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Last night’s 6-3 win over Switzerland advanced Canada to the semifinals of the rescheduled 2022 world junior hockey championship in Edmonton. Though they were a bit sloppy at times against a clearly inferior opponent, the host team showed once again why they’re favoured to win gold. Led by tournament scoring leader Mason McTavish and 17-year-old phenom Connor Bedard, Canada is now a perfect 5-0 for the tournament and has outscored its foes 33-10.
Hours after the Canadians’ victory, their biggest obstacle to winning the title was removed when the defending-champion United States suffered a stunning 4-2 upset at the hands of the Czech Republic. A U.S.-Canada rematch in the final had seemed highly probable after the Americans looked nearly as impressive as their cross-border rivals in the group stage. The U.S. went 4-0 and outscored its opponents by 18 goals, only two less than Canada’s combined margin of victory.
The remaining four teams are re-seeded for Friday’s semifinals, so Canada will now face a Czech team that, apart from its upset of the U.S., has looked pretty soft. The Czechs, who are officially known as Czechia in this tournament, finished fourth in their group after losing three of their four contests in that stage, including a 5-1 defeat by Canada last weekend. The rematch goes Friday at 4 p.m. ET. The other semifinal, at 8 p.m. ET, features Finland and Sweden, who finished second in their respective groups.
The Finns and Swedes are both capable of giving the hosts a challenge in Saturday night’s final (8 p.m. ET). But Canada is now the overwhelming favourite to win its record-extending 19th world junior title and third in five years. Question is, how many Canadians will actually care?
WATCH | Canada beats Switzerland, earns place in semifinals:
For an event that’s supposedly one of the sport’s crown jewels, and is taking place in a hockey hotbed, the attendance figures in Edmonton are pitiful. Less than 5,000 showed up for last night’s Canadian playoff game at 18,500-seat Rogers Place, and the home team has drawn an average of less than 4,300. Crowds (if you can call them that) for non-Canadian games have been in the hundreds. TSN hasn’t shared viewership numbers, but you can bet there’s a big drop-off there too.
The two main reasons for the lack of support aren’t exactly a secret. First, hockey in August is a tough sell to even diehard fans. We get that there were contractual obligations to fulfill after the first crack at the tournament was aborted in late December due to COVID-19 outbreaks — just don’t expect us to personally buy into an effort to make someone else’s business partners whole at a time of year when no one’s craving hockey. The world juniors pair nicely with a glass of eggnog in that cozy post-Christmas period. Not so much with light-beer-and-BBQ season.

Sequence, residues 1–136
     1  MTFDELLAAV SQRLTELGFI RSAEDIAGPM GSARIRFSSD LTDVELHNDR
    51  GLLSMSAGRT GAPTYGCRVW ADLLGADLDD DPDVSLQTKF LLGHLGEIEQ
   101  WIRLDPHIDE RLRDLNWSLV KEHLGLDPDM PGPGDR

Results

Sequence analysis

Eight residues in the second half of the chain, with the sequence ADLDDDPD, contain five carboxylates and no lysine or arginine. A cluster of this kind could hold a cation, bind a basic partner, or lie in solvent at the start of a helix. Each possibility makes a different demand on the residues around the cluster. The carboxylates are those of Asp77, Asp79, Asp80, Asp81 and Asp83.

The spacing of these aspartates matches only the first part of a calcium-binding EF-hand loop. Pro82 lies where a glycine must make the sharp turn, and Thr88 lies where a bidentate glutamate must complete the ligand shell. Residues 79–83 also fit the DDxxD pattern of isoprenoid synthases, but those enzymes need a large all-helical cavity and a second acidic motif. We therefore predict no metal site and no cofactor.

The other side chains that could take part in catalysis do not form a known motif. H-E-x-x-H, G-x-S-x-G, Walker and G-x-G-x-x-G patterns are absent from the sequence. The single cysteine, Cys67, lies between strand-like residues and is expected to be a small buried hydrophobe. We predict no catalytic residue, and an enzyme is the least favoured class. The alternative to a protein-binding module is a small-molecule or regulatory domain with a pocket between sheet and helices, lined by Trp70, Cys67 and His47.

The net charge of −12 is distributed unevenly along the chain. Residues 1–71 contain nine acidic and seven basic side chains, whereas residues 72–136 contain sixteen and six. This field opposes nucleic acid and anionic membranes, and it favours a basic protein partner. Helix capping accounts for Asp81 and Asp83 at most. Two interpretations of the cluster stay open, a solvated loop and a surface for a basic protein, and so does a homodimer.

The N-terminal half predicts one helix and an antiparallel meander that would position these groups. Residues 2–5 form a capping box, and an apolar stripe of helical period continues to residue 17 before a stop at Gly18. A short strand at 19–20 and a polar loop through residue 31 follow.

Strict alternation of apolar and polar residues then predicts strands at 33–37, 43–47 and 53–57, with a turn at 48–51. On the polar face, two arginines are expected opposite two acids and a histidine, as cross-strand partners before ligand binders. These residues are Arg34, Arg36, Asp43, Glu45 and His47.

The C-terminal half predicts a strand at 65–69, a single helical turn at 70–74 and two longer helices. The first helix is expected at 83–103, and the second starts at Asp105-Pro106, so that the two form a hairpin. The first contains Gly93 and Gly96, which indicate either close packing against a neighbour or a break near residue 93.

Of course, that problem will dissolve when the tournament returns to its traditional Christmastime slot later this year in Halifax and Moncton. But the other big turnoff about the current tournament is not going to simply vanish like that.
A great deal of Canadians — hockey fans or not — are disgusted right now with the organization in charge of putting together Canada’s teams for the world juniors, and of hosting this year’s and next year’s event. Hockey Canada’s handling of sexual assault allegations — including the use of a slush fund, generated in part from children’s registration fees, to pay for settlements — touched a nerve with a country that was already grappling with the sport’s “culture” issues in the wake of disturbing cases of abuse. Results from a recent poll suggest that most Canadians think sexual harassment and sexual abuse are a “major issue” in youth hockey, and that there’s little confidence in Hockey Canada to fix it. Sure enough, even after being grilled on Parliament Hill, rebuked by the Prime Minister and abandoned by their corporate sponsors, the top guys have refused to step down.
Will the anger toward Hockey Canada fade as the next world juniors approaches? Probably — not because it should, but simply because that’s what anger just tends to do. But it’s doubtful that the outrage will completely disappear, and that Canadians will come flocking back in December like nothing ever happened. It’ll be hard to look at Hockey Canada quite the same way again. In fact, it’ll be hard to look at hockey in this country quite the same way again. So how could it be any different for the world juniors?